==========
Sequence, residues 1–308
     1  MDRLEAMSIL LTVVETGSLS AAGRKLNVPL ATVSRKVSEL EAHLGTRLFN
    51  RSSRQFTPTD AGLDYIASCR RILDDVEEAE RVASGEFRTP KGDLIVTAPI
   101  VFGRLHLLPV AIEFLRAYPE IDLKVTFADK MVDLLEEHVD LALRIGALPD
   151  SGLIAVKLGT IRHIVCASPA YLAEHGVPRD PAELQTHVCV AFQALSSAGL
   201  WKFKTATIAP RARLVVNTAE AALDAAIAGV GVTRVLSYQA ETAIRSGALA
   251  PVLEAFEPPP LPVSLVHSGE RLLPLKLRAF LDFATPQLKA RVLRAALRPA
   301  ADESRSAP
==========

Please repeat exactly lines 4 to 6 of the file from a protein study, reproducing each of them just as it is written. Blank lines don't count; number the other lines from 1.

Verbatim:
   101  VFGRLHLLPV AIEFLRAYPE IDLKVTFADK MVDLLEEHVD LALRIGALPD
   151  SGLIAVKLGT IRHIVCASPA YLAEHGVPRD PAELQTHVCV AFQALSSAGL
   201  WKFKTATIAP RARLVVNTAE AALDAAIAGV GVTRVLSYQA ETAIRSGALA